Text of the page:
A cyberespionage hacking group tracked as ‘Bitter APT’ was recently seen targeting the Chinese nuclear energy industry using phishing emails to infect devices with malware downloaders.
Bitter is a suspected South Asian hacking group known to target high-profile organizations in the energy, engineering, and government sectors in the Asian-Pacific region.
In May 2022, Bitter APT was spotted using spear phishing emails with malicious XLSX document attachments to load a trojan named ‘ZxxZ’ on targets in Southeast Asia.
In August 2022, Meta reported that Bitter APT was using a new Android spyware tool named ‘Dracarys’ against users in New Zealand, India, Pakistan, and the United Kingdom.
This hacking campaign was discovered by threat analysts at Intezer, who attribute it to Bitter APT based on the observed TTPs (tactics, techniques, and procedures) that match those of past campaigns by the same threat actor.
Targeting China’s nuclear field
In the new campaign found by Intezer, Bitter sends emails pretending to be from the Embassy of Kyrgyzstan in Beijing to various Chinese nuclear energy companies and academics related to that field.
The email pretends to be an invitation to a conference about nuclear energy supposedly held by the Kyrgyz Embassy, the International Atomic Energy Agency (IAEA), and the China Institute of International Studies (CIIS).
The name that signs the email is genuine, belonging to an official of the Kyrgyzstan Ministry of Foreign Affairs, showing Bitter APT’s attention to details that help add legitimacy to their communications.
The recipients are urged to download the email’s RAR attachment which supposedly contains an invitation card for the conference but, in reality, has either a Microsoft Compiled HTML Help file (CHM) or a malicious Excel document.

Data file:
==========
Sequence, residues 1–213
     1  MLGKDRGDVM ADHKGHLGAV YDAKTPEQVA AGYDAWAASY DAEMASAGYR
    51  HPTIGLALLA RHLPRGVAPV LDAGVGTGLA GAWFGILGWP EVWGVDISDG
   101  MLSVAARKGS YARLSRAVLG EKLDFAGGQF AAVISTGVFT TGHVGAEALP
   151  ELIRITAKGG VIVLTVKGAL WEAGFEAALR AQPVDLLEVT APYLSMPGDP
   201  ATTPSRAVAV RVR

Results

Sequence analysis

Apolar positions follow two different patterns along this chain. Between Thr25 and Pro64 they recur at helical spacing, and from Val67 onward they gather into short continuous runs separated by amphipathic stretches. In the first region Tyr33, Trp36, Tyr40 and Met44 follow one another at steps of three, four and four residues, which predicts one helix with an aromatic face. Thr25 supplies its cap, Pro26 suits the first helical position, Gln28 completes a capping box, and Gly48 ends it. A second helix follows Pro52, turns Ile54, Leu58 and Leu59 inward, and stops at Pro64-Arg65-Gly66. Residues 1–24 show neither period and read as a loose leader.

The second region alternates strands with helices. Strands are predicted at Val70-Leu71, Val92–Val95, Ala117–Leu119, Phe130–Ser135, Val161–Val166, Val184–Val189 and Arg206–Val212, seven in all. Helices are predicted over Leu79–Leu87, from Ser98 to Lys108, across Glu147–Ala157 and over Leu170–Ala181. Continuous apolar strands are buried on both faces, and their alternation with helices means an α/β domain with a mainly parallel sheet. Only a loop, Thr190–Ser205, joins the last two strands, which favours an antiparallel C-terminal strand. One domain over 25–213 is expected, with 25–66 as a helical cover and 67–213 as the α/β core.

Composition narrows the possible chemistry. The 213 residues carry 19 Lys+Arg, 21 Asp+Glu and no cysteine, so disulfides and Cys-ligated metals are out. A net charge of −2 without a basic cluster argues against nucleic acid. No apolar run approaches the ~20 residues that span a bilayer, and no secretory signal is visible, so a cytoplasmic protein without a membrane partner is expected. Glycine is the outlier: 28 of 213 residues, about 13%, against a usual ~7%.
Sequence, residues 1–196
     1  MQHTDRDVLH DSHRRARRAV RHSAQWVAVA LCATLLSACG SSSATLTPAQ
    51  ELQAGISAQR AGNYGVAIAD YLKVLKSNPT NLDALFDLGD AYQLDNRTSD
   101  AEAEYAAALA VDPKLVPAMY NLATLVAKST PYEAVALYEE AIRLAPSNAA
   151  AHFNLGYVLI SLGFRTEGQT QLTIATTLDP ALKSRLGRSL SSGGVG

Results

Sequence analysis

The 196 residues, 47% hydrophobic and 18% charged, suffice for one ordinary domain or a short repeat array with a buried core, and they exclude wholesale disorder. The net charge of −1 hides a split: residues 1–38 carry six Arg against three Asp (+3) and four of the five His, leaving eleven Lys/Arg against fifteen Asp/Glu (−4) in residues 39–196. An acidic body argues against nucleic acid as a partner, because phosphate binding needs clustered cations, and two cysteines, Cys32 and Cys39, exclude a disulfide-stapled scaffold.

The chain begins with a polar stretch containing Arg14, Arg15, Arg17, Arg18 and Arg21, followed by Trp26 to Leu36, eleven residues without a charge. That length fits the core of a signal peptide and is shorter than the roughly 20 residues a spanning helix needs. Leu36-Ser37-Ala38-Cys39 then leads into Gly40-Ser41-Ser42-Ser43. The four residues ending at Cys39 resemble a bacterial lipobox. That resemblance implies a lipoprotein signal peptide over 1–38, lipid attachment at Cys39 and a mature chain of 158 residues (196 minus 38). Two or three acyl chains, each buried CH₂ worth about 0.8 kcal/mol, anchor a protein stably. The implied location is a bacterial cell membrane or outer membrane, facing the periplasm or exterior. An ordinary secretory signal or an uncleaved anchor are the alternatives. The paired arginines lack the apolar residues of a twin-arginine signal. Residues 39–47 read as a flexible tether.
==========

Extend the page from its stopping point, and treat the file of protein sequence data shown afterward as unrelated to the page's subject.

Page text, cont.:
In most cases, Bitter APT uses a CHM payload that executes commands to create scheduled tasks on the compromised system and download the next stage.
When an Excel document hides in the downloaded RAR attachments, the scheduled task is added by exploiting an older Equation Editor vulnerability triggered by the opening of the malicious document.
Intezer comments that the threat actor likely prefers the CHM payloads because those do not require the target to use a vulnerable version of Microsoft Office, can bypass static analysis thanks to its LZX compression, and requires minimal user interaction to operate.
The second-stage payload is an MSI or a PowerShell file if a CHM payload is used or an EXE file in the case of the Excel document payload.
To evade detection and exposure, the second-stage payloads are empty. However, when the first-stage payloads send information about the breached device to the attacker’s command and control server, it will determine if it is a valuable target and deliver actual malware to the compromised system.
Intezer’s analysts could not retrieve any actual payloads delivered in this campaign but hypothesized that they might include keyloggers, RATs (remote access tools), and info-stealers.
CHM files were once popular for software documentation and help files, but are not commonly used anymore, let alone in email communications.
Recipients of emails should exercise heightened vigilance when encountering CHM files within attached archives, as these files can potentially harbor malicious content.
Finally, archives themselves should also be treated with suspicion, as they can bypass anti-virus scans, and hence the likelihood of them being malicious is high.